Poem: Sprite (Spirit) of the Creek
Note name changes: Falconis (Farley); Fredro (Fisher); Warlof (Worrall)
Drained flagons proclaim that ’tis time to give o’er,
The hour for departure is come,
The hostess complacently pockets the score,
The stirrup-glass presses the lip, at the door,
And the rider spurs forward for home.
Doors, windows, and gateways, securely made fast,
Tired inmates prepare for repose;
The day’s toil and bustle are over and past,
An air of calm silence succeeds the rude blast,
That from jovial carousal arose.
But ere his soft pillow, the weary host prest,
The fleet, clatt’ring steps of a steed
His threshold approaches;—he starts—half undrest-
A fearful forboding just enters his breast;
For ill news mostly travels with speed.
“Ope the door!” cried a voice, in wild tones of affright,
“And grant me admittance, I pray!
O, grant me admittance, till morning’s blest light
Shall hence chase the phantoms that wander tonight,
In death’s most appalling array!”
Through the half-opened portal, with frenzied like air
Falconis now furiously springs;
From his brow rolls the cold drop, erect is his hair,
Exhausted and trembling he sinks on a chair,
Whilst around fearful glances he flings.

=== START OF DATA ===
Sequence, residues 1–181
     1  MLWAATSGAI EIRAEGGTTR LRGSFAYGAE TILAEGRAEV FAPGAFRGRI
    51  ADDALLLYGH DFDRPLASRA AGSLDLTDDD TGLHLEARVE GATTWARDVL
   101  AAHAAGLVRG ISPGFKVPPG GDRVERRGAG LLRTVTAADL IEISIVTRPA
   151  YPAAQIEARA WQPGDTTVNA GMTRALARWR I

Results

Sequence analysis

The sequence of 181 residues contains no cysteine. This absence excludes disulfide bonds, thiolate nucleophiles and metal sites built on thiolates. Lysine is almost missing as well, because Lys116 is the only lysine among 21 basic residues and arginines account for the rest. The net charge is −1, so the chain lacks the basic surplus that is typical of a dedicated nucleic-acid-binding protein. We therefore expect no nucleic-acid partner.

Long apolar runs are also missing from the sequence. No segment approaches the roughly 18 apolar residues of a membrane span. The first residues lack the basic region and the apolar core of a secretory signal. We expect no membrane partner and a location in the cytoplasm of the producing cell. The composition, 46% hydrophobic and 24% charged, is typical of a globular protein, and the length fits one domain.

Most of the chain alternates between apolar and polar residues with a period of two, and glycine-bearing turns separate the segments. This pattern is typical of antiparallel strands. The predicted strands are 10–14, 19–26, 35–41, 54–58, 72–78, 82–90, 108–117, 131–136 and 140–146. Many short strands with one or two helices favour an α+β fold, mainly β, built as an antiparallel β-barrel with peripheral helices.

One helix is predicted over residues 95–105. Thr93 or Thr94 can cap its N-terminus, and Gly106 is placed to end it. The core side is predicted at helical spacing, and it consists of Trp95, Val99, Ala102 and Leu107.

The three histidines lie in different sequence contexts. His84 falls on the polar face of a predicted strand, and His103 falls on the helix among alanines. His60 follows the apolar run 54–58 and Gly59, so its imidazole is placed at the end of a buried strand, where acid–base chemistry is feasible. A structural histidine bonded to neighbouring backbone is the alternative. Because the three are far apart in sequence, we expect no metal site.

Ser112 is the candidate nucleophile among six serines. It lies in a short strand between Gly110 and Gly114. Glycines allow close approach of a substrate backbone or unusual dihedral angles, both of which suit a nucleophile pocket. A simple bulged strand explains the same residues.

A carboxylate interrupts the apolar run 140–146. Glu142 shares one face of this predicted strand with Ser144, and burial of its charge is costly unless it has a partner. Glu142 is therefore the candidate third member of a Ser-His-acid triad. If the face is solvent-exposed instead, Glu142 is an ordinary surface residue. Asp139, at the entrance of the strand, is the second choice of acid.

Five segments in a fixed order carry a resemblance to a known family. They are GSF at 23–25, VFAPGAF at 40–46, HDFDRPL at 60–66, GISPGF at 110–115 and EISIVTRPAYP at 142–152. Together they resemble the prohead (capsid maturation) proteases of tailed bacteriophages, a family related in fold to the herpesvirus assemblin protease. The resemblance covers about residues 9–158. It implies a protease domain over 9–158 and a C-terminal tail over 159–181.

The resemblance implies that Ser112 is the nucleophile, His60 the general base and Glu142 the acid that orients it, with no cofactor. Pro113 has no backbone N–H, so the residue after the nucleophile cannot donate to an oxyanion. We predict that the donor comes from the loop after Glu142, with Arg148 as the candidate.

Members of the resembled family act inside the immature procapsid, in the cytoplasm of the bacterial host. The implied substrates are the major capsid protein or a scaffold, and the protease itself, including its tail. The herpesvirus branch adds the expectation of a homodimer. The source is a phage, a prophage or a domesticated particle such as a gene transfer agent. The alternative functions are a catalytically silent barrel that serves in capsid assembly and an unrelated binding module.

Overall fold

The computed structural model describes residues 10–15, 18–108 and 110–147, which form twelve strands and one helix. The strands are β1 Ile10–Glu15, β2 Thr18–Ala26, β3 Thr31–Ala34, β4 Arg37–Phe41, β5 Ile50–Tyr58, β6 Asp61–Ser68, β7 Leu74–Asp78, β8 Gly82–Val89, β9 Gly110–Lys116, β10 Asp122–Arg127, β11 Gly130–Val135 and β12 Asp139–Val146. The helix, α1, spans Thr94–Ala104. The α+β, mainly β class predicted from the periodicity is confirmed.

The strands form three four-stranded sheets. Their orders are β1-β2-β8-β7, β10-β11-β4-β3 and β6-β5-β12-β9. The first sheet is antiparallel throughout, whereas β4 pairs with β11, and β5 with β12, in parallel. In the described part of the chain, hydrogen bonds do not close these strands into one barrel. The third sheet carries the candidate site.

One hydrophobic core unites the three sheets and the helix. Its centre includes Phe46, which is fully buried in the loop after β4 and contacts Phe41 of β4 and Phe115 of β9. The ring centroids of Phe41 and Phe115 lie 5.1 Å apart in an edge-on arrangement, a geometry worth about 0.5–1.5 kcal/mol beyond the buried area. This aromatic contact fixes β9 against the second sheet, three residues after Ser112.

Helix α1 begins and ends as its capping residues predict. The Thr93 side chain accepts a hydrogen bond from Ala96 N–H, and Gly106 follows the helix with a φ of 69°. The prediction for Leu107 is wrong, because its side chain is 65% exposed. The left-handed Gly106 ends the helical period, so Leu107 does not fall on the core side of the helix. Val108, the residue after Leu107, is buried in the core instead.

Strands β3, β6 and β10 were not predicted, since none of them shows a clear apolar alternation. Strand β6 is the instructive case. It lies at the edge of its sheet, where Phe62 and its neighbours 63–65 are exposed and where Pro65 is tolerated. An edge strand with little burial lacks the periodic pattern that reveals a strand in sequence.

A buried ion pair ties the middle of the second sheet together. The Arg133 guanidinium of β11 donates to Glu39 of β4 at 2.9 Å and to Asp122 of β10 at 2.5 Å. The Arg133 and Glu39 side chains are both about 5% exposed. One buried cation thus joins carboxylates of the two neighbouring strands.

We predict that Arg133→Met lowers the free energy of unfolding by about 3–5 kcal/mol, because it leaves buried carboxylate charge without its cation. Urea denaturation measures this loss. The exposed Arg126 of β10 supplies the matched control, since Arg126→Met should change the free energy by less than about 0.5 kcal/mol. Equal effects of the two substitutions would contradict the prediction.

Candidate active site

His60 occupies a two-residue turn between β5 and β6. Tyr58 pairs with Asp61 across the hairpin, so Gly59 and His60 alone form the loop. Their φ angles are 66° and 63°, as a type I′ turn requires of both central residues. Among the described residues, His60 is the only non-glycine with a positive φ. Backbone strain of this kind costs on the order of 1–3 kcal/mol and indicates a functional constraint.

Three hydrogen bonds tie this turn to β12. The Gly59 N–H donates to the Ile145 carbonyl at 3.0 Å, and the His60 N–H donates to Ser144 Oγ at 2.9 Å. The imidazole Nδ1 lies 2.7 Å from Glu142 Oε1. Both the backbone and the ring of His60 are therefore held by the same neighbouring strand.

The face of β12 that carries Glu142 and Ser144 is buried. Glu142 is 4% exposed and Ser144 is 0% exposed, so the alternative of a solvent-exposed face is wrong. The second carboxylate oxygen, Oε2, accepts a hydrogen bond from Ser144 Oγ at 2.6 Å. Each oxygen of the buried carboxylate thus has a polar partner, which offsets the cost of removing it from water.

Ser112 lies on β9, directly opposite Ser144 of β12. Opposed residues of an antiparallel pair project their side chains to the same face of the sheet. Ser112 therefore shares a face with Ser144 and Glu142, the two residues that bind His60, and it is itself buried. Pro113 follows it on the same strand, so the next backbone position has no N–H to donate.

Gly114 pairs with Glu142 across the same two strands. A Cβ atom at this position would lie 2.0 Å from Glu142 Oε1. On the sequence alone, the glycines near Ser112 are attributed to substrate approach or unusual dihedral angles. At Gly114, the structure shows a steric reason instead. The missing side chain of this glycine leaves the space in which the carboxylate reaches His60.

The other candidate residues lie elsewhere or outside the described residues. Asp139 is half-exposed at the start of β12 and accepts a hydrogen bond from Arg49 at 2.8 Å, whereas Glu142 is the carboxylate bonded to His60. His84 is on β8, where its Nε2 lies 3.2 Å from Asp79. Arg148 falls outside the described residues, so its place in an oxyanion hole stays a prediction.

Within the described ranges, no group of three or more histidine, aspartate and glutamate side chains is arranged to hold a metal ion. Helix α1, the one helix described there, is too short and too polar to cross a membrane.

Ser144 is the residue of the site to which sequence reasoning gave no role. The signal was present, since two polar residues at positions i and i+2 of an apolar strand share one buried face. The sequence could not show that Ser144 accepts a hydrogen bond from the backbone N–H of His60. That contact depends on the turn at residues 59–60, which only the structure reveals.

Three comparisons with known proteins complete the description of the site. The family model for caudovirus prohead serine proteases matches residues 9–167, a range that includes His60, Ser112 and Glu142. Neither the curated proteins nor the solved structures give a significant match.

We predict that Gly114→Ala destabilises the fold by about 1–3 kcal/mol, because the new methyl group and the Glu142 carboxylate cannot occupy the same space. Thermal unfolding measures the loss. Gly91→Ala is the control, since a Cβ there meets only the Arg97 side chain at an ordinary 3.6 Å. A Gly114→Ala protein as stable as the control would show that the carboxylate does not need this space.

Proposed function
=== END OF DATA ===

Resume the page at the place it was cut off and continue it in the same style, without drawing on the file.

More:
Dismay blanched his cheek, for each tributary vein
Sent its stream to the citadel heart;
That fortress alarmed, to support it they drain
Their channels; nor back call those currents again,
Till by safety allowed to depart.
All that kindness with cheering assurance could do,
From the panic-struck group, standing by,
Was lost on Falconis, till calmer he grew ;
Yet, a glance of mute horror at intervals flew
From his staring, or wild rolling, eye.
Now, stout was the heart of Falconis, and bold ;
Nor weak superstition dwelt there ;
And hideous that object must be to behold,
That could daunt his fierce spirit, his blood curdle cold,
Or stamp on his cheek palid fear.
And, hideous, in sooth, was the object that scared
And turned him from homeward that night;
In shuddering amazement his hearers all stared,
Whilst, with half-lessened terror, Falconis declared
He had met with a murder’d man’s Sprite.
‘Twas on the rude structure that spans the deep creek,
The horrible figure appeared;
On its pale, ghastly visage, was seen the red streak,
And sunken its eye-balls, and hollow its cheek,
And crimsoned with blood was its beard.
Through the wide gaping wound, the assassin had made,
Issued brains, mixed with streams of dark gore;
Deep gashes more hideous still rendered the shade,
And well might Falconis’s heart feel dismayed,
Though fear it ne’er cherished before.
‘Twas the spectre of Fredro, who long had been lost
To his friends, his dependents, and home;
False rumour gave forth that the seas he had cross’d,
Resolved on beholding once more that lov’d coast,
Whence fortune had doom’d him to roam.
His absence did many with wonder regard,
Through leaving behind him his wealth;
For, with him had industry met its reward,
Snug dwellings and acres acknowledged him lord,
And these blessings were gilded by health.
But, the man of all others, he trusted and loved,
For whom his regard knew no end,
In a dark guilty moment by Satan was moved
(Vile lucre his object, as afterwards proved,)
To spill the life’s blood of his friend.
‘Twas over the wine-cup, as cheerful they sate,